What's the Concept Behind Million, Billion, and Trillion?
Are you wanting to understand the concept of million, billion, and trillion? Click here for a guide to understand these large numbers and measurement units.
If you somehow managed to take one billion steps, you would end up walking around the earth's equator 15 times!
Although large numbers can be hard to imagine, they're widely used to understand length, weight, and other measurement units alongside population, economics, and much more.
Understanding a million, a billion, and a trillion is only half the battle, however. The other half is converting them. Luckily, conversion calculators make it fantastically simple — which is why an online million billion converter is so useful.
In this post, we'll look at common naming systems for large numbers, different types of measurements, and the concept behind millions, billions, and trillions. Read on to learn more.
Common Naming Systems for Large Numbers
Different countries and cultures deal with large numbers in different ways. This has led to the creation of different naming systems for large numbers. Some of the most common in use today include Indian numbers, the short scale, the long scale, Chinese numbers, and many more.
For the purposes of this brief section, we'll focus on the first three.
Indian System for Large Numbers
The Indian system includes the following large numbers:
- One lakh has 5 zeros (100,000)
- Ten lakh has 6 zeros (1,000,000)
- One crore has 7 zeros (10,000,000)
- One hundred crore has 9 zeros (1,000,000,000)
- One lakh crore has 12 zeros (1,000,000,000,000)
- Ten crore crore has 15 zeros (1,000,000,000,000,000)
- Ten thousand crore crore has 18 zeroes (1,000,000,000,000,000,000)
This number system is used all throughout the country of India, as well as in neighboring Pakistan, Bangladesh, Nepal, and Myanmar. It's also used (although to a lesser degree) in the Maldives and Sri Lanka.
Short Scale System
The short scale system names large numbers in the following way:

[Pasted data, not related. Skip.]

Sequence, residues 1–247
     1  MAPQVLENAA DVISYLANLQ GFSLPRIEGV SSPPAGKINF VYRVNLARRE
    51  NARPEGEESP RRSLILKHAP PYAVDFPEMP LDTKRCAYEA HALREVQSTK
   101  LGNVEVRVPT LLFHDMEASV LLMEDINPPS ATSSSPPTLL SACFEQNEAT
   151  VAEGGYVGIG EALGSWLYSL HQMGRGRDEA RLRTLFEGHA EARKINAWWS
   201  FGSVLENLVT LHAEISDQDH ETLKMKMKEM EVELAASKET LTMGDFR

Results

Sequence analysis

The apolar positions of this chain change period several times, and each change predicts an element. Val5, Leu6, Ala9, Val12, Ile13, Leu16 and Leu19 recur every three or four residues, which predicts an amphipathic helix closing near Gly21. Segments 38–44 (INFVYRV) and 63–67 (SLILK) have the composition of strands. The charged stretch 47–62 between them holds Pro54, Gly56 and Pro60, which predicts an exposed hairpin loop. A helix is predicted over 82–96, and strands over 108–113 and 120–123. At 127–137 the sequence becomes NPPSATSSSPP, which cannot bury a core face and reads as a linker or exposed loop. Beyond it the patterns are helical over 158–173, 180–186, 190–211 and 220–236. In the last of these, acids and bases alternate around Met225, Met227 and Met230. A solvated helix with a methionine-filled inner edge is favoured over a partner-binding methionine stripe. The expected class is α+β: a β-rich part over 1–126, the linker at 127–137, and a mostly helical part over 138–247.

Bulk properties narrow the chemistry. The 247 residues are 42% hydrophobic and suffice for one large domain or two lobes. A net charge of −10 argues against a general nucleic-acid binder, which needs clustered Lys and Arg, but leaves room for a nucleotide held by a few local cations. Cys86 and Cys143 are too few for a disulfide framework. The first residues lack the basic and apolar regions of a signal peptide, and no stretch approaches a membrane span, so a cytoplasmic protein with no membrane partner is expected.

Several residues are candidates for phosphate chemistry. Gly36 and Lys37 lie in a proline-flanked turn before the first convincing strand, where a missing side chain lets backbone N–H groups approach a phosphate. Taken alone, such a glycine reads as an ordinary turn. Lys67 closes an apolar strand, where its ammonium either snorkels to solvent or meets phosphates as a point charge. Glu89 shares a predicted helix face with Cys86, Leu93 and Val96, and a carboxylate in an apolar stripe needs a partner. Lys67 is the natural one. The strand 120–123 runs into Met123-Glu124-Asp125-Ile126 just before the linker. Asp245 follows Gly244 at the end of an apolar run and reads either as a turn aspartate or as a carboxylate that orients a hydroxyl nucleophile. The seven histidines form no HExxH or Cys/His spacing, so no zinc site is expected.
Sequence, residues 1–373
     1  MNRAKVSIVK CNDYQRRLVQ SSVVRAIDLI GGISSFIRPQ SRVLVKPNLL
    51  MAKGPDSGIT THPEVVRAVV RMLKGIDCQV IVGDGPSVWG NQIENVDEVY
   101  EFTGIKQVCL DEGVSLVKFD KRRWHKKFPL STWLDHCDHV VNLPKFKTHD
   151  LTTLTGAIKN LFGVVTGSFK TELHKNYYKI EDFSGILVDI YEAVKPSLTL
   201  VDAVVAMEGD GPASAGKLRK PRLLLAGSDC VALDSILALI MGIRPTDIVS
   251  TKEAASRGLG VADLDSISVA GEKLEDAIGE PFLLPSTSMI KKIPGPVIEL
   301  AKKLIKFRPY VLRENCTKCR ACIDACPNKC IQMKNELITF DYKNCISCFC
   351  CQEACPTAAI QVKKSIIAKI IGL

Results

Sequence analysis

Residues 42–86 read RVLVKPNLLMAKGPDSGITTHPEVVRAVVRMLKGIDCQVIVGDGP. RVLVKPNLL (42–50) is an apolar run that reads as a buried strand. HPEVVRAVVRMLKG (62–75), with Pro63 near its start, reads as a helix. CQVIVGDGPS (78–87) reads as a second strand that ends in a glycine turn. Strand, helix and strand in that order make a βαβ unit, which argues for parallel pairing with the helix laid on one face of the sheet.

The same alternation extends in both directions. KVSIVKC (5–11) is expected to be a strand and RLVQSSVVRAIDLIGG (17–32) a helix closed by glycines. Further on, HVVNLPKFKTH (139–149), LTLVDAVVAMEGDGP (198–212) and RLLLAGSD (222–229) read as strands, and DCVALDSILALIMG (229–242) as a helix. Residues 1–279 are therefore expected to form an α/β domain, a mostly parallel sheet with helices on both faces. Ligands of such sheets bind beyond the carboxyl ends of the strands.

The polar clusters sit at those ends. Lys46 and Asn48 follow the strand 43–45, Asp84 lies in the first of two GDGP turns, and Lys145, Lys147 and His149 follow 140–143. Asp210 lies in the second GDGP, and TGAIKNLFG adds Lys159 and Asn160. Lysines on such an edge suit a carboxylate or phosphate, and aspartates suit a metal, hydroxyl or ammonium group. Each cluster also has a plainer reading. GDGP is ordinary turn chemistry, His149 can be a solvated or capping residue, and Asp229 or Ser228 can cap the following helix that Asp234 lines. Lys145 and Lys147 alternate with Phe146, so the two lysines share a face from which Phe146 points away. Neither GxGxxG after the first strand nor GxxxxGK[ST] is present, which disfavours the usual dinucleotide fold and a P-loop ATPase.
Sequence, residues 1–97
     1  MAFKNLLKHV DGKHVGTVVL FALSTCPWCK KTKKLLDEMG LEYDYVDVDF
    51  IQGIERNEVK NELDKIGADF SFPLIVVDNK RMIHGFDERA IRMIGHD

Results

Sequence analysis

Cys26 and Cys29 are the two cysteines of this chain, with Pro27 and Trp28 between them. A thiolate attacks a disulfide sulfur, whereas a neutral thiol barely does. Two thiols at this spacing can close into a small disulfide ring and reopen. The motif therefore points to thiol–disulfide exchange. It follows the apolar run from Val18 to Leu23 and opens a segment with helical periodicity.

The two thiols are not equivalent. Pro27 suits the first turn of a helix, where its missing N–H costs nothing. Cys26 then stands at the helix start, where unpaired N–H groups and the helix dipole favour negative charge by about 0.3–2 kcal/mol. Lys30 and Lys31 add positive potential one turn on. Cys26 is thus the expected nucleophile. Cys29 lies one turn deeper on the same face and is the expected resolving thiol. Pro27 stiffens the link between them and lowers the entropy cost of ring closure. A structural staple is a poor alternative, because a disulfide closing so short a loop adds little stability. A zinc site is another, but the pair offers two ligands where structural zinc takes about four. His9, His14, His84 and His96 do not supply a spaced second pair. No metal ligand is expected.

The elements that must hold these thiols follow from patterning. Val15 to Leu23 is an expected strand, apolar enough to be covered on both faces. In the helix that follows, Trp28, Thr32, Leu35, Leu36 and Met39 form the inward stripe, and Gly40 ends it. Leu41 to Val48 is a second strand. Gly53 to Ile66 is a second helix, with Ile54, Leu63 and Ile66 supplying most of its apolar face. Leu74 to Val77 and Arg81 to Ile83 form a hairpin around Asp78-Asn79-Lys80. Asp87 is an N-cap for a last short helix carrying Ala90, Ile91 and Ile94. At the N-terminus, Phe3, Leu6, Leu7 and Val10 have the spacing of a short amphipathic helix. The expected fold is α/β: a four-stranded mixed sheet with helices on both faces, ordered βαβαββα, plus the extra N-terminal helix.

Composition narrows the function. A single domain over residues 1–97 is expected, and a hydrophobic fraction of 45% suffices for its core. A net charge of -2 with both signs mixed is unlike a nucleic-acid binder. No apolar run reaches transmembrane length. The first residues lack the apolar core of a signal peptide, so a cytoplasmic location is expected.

- One hundred thousand has 5 zeros (100,000)
- One million has 6 zeros (1,000,000)
- One billion has 9 zeros (1,000,000,000)
- One trillion has 12 zeros (1,000,000,000,000)
- One quadrillion has 15 zeros (1,000,000,000,000,000)
- One quintillion has 18 zeros (1,000,000,000,000,000,000)
- One sextillion has 21 zeroes (1,000,000,000,000,000,000,000)
Due in large part to its use in the United States, many other countries have adopted the short-scale system. This includes English-speaking countries such as the United Kingdom, Ireland, Hong Kong, Australia, Nigeria, and many more. It also includes many Arabic-speaking countries alongside others such as Brazil, Russia, Israel, and others.
Long Scale System
The long scale system has the following large numbers:
- One hundred thousand has 5 zeros (100,000)
- One million has 6 zeros (1,000,000)
- One milliard has 9 zeros (1,000,000,000)
- One billion has 12 zeros (1,000,000,000,000)
- One billiard has 15 zeros (1,000,000,000,000,000)
- One trillion has 18 zeros (1,000,000,000,000,000,000)
- One trilliard has 21 zeroes (1,000,000,000,000,000,000,000)
The long-scale system is widely used in continental European countries such as Spain, France, Germany, Netherlands, and others. Alongside that, many French-speaking countries, Portuguese-speaking countries, German-speaking countries, and Spanish-speaking countries use it.
What Are Measurement Units?
Measurement units (or units of measurement) are names we give to definite quantities. We use them to understand different kinds of amounts -- for example, different kinds of weights lengths, times, and volumes.
Two main types of units are used around the world: the metric units and the customary units.
Metric units are part of the International System of Units (SI). This system of units is used in nearly every country on earth except three (the US Myanmar, and Liberia).
SI uses the following types of measurements:
- length is measured in centimeters, meters, and kilometers
- weight is measured in centigrams, grams, and kilograms
- volume or capacity is measured in milliliters, centiliters, and liters
- time and duration are measured in seconds, days, years, etc.
Customary units are pretty much only used in the United States. However, Canada occasionally uses customary units as well.
Customary units include the following types of measurements:
- length measurements use inches, feet, and miles
- weight measurements use ounces, pounds, and tons
- volume or capacity measurements use cups, pints, and gallons
- time and duration measurements use seconds, days, and years
Measuring a Million, Billion, and Trillion
Now that we know about the short scale, long scale, and Indian numbering system alongside the two main types of units (metric and customary), let's take a look at what a million, a billion, and a trillion look like.
Due in large part to the influence of the United States, the short-scale system for large numbers is widely used around the world, so we will stick to that for our definitions.
What is a Million?